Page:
“This is the opportunity that we have been waiting for,” the 41-year-old Duque said in his victory speech, playing up his youth — he is the youngest Colombian president ever elected in a popular vote — and pledging “to turn the page on the politics of polarization, insults and venom.”
His biggest challenge will be reining in the pressure from conservative allies. As a senator Duque earned a reputation for being a thoughtful, cordial adversary who frequently stretched his hand across the aisle, but some of his prominent backers are outright hostile to the FARC. Hours after his victory, congresswoman Maria Fernanda Cabal blasted on social media: “The FARC lost. Colombia won!”
One unknown is how much influence Uribe will wield. Duque was elected to Colombia’s Senate in 2014 barely two months after returning to Colombia from Washington, where he had worked for more than a decade at a development bank, thanks to Uribe’s endorsement. Throughout his presidential campaign, he was dogged by accusations that he would be little more than a puppet for Uribe, who is constitutionally barred from seeking a third term. Though praised for weakening the FARC and drawing record foreign investment, Uribe has also been blamed for the military’s killing of thousands of civilians who were falsely accused of being rebels.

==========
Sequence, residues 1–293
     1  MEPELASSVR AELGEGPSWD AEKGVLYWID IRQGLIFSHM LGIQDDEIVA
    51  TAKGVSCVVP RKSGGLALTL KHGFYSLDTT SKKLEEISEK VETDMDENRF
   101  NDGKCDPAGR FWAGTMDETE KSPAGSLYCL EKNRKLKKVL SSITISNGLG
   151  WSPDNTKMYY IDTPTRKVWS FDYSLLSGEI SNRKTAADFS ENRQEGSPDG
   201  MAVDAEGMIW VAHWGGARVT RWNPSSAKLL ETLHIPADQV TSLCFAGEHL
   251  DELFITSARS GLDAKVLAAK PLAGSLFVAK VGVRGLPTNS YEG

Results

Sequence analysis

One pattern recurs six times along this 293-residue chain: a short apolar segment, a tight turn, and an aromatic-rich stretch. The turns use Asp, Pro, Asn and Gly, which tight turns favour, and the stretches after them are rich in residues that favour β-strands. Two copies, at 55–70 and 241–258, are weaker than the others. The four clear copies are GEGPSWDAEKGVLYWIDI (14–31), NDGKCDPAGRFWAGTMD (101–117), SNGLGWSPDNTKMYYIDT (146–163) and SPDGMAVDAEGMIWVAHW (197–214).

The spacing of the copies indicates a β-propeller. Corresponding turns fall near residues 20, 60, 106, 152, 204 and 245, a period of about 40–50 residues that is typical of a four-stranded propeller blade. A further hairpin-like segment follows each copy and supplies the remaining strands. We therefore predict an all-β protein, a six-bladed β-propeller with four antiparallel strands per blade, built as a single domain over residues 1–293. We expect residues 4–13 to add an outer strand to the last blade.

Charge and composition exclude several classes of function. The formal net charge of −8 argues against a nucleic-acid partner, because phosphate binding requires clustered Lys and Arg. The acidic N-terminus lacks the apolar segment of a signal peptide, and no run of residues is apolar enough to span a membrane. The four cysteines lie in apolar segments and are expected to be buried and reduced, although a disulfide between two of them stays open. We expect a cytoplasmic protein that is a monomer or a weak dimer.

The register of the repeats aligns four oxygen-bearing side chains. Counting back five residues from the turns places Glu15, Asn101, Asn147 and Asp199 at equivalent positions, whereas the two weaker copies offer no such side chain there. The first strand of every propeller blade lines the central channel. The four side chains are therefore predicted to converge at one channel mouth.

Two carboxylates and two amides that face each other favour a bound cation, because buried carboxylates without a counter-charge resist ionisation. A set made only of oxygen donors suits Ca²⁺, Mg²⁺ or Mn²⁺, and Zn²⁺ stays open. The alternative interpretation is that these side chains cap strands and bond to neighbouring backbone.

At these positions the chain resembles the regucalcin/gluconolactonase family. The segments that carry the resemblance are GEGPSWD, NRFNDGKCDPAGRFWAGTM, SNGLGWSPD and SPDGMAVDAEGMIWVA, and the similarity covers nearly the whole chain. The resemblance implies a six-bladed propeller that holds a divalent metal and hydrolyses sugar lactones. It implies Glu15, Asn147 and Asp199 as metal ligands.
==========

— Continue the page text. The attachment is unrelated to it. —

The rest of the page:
“He will have to make some adjustments to the accord, if only to placate Uribe and other hard-liners and avoid being labeled a traitor,” Shifter said. “But these could be relatively modest and not put the entire peace effort at risk.”
It’s also not clear how much leeway there is to make changes to the 310-page accord that put a formal end to a conflict that caused more than 250,000 deaths. Colombia’s constitutional court has declared some aspects of the agreement irreversible. For Duque to prevail in his call for substantive “corrections” that deliver “peace with justice,” he’ll likely need to build political support in Congress that he currently lacks to pass a constitutional reform.
Among the rebels there is concern — and some goodwill.
The FARC has already accepted changes to the accord once before, after the original deal was rejected by voters led by Uribe in a referendum. After Sunday’s election victory, ex-guerrilla leader Rodrigo Londono immediately congratulated Duque and said Colombians should work together because “the road of hope is open.”